Walt Disney World has announced that KiteTails at Animal Kingdom is ending. In this post, we’ll share details & dates, commentary about the news, entertainment in the new fiscal year, and our thoughts on this daytime kite show.
Here’s Walt Disney World’s official announcement: As you know, Disney KiteTails debuted at Disney’s Animal Kingdom Theme Park for the launch of the 50th Anniversary celebration of Walt Disney World Resort. After this first year, we will transition the entertainment on Discovery River Lagoon to the Flotillas. The last flight for Disney KiteTails will be September 30, 2022.
We look forward to seeing our guests continue waving to their Disney Friends cruising by on Flotillas, embracing Disney pals with up-close encounters, and more to come as we introduce our Festive holiday season offerings in the months ahead.
KiteTails was first introduced on October 1 of last year for Walt Disney World’s 50th Anniversary. Aside from some statues of animated movie characters, it was the only Animal Kingdom addition for the World’s Most Magical Celebration.
At its start, KiteTails featured a pre-show of puppeteers with critters from Finding Nemo to parade through the stage. The theater was decorated with vibrant lanterns and banners, upbeat music plays in the lead-up to the show, and the colorful character puppets were a delight.
Following that, the main show consisting of massive kites of characters from The Lion King or Jungle Book gracefully danced around Discovery River Lagoon behind jet skis. Sometimes the kite dances were not so graceful, which is when KiteTails truly shined.
I actually like KiteTails.
It feels like an odd concoction cooked up late one night while raiding the fridge. It repurposed jet skis and kites leftover from Epcot Forever, and then added some gigantic lion, bear, ape, and bird kites. Boom, KiteTails was born.
The big things that KiteTails gets right are tone, atmosphere, and energy. Everything about KiteTails feels natural and pure. The performers give it their all, and the end result can fairly be summed up as cute and charming.
Of course, it’s controlled (sometimes) chaos that’s the highlight of the show. The team behind KiteTails quickly learned that it was the epic crash landings of the kites that was packing the people in the stands, and it was pretty fun to watch the “KiteFails.” It’s nice (and rare) to see at Disney production that doesn’t take itself too seriously. Just a good time all around.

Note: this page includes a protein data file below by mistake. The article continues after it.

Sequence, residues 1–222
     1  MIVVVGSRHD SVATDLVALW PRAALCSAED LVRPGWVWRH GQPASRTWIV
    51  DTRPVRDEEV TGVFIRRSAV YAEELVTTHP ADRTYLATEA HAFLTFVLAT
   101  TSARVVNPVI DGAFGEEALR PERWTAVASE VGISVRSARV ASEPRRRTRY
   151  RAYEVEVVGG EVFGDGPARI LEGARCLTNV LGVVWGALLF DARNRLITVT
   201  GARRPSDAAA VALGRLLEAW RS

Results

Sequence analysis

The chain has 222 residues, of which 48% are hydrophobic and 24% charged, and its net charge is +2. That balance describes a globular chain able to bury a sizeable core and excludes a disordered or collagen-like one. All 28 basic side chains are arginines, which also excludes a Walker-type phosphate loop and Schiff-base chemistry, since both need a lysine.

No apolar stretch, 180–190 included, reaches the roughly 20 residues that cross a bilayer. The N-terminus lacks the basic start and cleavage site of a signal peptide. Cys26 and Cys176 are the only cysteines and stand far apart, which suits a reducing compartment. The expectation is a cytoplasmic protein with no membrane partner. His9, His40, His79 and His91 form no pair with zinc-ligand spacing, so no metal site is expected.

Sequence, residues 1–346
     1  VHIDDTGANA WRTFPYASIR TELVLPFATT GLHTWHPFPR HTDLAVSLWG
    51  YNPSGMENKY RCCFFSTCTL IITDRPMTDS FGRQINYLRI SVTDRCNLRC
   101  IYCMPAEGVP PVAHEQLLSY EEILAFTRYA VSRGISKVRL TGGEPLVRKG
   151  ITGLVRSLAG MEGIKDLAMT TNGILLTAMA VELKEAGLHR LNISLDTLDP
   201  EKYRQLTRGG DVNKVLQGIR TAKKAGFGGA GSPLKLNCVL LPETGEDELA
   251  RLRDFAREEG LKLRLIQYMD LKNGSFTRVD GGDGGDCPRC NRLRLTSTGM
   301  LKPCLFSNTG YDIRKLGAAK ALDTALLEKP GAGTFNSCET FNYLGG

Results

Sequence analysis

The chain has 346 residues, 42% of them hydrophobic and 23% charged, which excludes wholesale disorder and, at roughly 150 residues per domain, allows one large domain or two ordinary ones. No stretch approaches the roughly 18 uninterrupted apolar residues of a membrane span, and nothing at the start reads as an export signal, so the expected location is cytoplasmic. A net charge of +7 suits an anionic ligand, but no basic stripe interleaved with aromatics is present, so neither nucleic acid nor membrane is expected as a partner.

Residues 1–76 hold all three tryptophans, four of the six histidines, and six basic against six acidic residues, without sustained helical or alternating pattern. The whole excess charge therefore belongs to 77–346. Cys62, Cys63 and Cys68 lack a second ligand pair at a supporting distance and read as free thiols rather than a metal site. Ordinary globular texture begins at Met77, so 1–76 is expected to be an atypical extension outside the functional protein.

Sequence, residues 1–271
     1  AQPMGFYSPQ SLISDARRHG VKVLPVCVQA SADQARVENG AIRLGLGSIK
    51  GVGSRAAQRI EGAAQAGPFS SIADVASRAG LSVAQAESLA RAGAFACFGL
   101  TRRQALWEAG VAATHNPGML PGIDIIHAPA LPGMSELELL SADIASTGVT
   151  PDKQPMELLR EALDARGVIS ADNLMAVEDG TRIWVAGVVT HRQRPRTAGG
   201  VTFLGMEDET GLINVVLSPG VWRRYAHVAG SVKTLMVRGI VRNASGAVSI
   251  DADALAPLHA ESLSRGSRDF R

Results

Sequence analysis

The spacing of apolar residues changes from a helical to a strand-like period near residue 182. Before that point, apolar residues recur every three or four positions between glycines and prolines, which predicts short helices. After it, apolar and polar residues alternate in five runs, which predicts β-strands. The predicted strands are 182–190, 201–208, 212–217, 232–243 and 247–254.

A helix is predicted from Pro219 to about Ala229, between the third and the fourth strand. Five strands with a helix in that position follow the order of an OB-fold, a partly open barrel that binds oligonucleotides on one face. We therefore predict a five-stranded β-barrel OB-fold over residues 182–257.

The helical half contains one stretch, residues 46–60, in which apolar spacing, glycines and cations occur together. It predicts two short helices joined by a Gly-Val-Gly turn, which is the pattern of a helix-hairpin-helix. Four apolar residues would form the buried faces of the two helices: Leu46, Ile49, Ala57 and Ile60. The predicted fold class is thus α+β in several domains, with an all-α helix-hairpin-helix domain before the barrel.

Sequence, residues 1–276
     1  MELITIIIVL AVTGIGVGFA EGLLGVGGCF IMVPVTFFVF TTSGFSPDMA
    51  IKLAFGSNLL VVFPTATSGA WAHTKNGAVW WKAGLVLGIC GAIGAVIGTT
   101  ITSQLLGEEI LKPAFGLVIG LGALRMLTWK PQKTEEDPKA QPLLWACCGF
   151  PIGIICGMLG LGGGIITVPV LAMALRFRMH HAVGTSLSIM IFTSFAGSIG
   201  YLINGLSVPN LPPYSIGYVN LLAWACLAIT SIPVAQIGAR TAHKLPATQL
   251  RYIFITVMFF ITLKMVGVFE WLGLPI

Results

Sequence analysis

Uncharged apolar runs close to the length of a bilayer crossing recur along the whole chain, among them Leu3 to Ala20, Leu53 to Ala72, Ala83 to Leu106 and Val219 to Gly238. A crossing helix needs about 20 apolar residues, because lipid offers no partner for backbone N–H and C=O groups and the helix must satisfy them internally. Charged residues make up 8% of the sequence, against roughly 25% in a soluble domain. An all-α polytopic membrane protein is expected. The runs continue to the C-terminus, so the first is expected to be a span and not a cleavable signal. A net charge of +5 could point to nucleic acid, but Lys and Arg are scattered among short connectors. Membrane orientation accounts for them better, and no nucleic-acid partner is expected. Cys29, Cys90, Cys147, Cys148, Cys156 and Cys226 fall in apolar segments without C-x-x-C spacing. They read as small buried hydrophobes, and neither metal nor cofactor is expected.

However, KiteTails was not without problems. Crash landing kites is a great time for folks like me, but Simba nose-diving into the cheap seats or King Louie taking off for the trees might not have been what Walt Disney World had in mind for this show.
Beyond that, there are issues that make watching KiteTails uncomfortable or challenging. The amphitheater is unshaded, so guests who arrived early would be roasting in the sun and often have a “that was it?” reaction to the show. Some might even leave early and miss its highlight, the aforementioned epic KiteFails. There’s also the practical reality that kites are wind-dependent, and that caused many cancellations or modifications.
All of this is why, earlier this summer, Walt Disney World modified KiteTails. According to the company, they shifted the focus so guests would be able to experience KiteTails from anywhere around the Discovery River Lagoon, with shorter and more frequent performances throughout the day.
The idea behind this was that it would reposition KiteTails as a diversion rather than a standalone show that merited arriving early to see in full. This made sense to some degree.
Even though I enjoyed it, I’m very cognizant of the fact that KiteTails scored poorly and underwhelmed casual audiences–especially those who took time out of their day and arrived in advance to see a show. KiteTails doesn’t deliver in the “traditional” ways one would expect of a Disney entertainment production.